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NEWS
April 27, 1994 | TOM GORMAN, TIMES STAFF WRITER
It would not have been an easy reelection bid in any case for freshman Rep. Ken Calvert (R-Riverside), who barely made it to Congress two years ago. But now Calvert's biggest reelection hurdle may be his own indiscretions, which also could pose a problem in surviving even his own party's June primary. The reason: After months of denying it, Calvert, 40, has admitted having sex in his car one night last November with a woman who police say is a known prostitute.
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NEWS
August 8, 1991 | From Times Staff and Wire Reports
Gov. Pete Wilson has named as his director of forestry a Northern California lumberman with strong environmental credentials who is expected to move the agency toward more strict regulation of logging practices. Richard Wilson, 57, a Mendocino County timberland owner and rancher who is no relation to the governor, was selected to replace Hal Walt as head of the embattled Forestry Department, an agency often criticized by environmentalists for being too closely tied to the timber industry.
NEWS
June 26, 2000 | CARL INGRAM, TIMES STAFF WRITER
High-flying ex-state Sen. Alan Robbins, driven from the Legislature in 1991 as an admitted felon, has quietly resurfaced here in a fight to save his legacy. Robbins is waging a low-profile campaign to kill an extraordinary bill that would remove his name from the official title of every state law memorializing him as its author. His name would be banished, for example, from the landmark "Robbins Rape Evidence Law" of 1974, and from the obscure "Robbins Courthouse Construction Fund" act of 1984.
NEWS
September 13, 1994 | MARK GLADSTONE and PAUL JACOBS, TIMES STAFF WRITERS
Still proclaiming his innocence, former state Sen. Frank Hill (R-Whittier) on Monday was sentenced to 46 months in federal prison for taking an illegal $2,500 payment from an undercover FBI agent participating in a Capitol sting operation. U.S. District Judge Edward J. Garcia ordered Hill, who resigned his Senate seat in July after his conviction on public corruption charges, to report to federal prison authorities by Oct. 12.
NEWS
February 8, 2000 | From Associated Press
A jury found Brian Setencich, former speaker of the California Assembly, innocent of bribery and mail fraud charges Monday but deadlocked on two counts of filing false tax returns. "It's like a big weight off my shoulders. I've been held up by this for too long," said a jovial Setencich after the jury was escorted out of the courtroom. Setencich was indicted in 1998 on charges of bribery, mail fraud and filing false tax returns for 1996 and 1997.
NEWS
July 27, 1988 | RICHARD C. PADDOCK, Times Staff Writer
The Fair Political Practices Commission, in its first act to implement Proposition 73, adopted emergency regulations Tuesday prohibiting elected officials throughout the state from spending public funds to send newsletters and most other "mass mailings" that include their names or photographs.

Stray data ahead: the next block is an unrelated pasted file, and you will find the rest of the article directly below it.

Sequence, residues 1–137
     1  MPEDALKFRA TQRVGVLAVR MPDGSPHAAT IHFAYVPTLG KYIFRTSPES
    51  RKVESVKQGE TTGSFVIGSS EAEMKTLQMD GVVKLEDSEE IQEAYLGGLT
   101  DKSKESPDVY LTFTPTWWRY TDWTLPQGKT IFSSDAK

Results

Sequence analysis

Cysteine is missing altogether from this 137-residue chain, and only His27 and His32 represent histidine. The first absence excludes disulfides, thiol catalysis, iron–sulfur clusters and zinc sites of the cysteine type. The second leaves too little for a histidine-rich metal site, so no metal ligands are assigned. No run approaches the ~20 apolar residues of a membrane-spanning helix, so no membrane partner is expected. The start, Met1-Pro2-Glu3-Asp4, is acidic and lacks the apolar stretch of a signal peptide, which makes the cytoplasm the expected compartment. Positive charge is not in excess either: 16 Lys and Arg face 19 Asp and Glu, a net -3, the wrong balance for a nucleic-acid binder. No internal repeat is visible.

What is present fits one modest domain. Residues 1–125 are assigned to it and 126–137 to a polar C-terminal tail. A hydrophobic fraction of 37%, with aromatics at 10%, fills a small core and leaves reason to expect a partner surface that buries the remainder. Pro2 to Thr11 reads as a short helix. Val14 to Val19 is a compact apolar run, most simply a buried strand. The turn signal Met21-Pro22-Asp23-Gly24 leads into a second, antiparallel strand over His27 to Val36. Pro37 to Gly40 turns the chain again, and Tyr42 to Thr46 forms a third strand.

NEWS
August 7, 1998 | MIKE DOWNEY
Every time I try to tell somebody from someplace else that California isn't as goofy a state as everybody thinks, something happens to screw up my whole case. Take the news story that ran coast to coast last week with a Sacramento dateline. "Gov. Pete Wilson," it began, "rode to the rescue of Caesar salad lovers, signing legislation allowing restaurants to serve the salads with raw eggs in the dressing, if the diner doesn't object." Stop the presses.
NEWS
December 12, 1992 | PAUL JACOBS, TIMES STAFF WRITER
After missing two court appearances while mountain climbing in Costa Rica, former state Sen. Paul Carpenter told a federal court judge Friday that he cannot afford a lawyer for his retrial on political corruption charges. However, U.S. District Judge Edward J. Garcia expressed doubt about claims of poverty from the former politician and ordered a hearing to review Carpenter's financial status.
NEWS
February 15, 1993 | PAUL JACOBS, TIMES STAFF WRITER
For Atty. Gen. Dan Lungren, the defining event of his first two years in office was the execution of double-murderer Robert Alton Harris. Lungren does not gloat over Harris' dawn gassing at San Quentin in April, but he and his aides return again and again to the image of the state's top lawyer standing by at the prison through the night, fending off a series of last-minute appeals to see that California's first execution in a quarter-century was carried out.
CALIFORNIA | LOCAL
January 5, 2002 | VIRGINIA ELLIS and NANCY VOGEL, TIMES STAFF WRITERS
Four top officials in the California Department of Water Resources, including Director Tom Hannigan, face fines totaling $100,000 for allegedly failing to have energy consultants submit personal conflict-of-interest statements in a timely manner, state officials said Friday.
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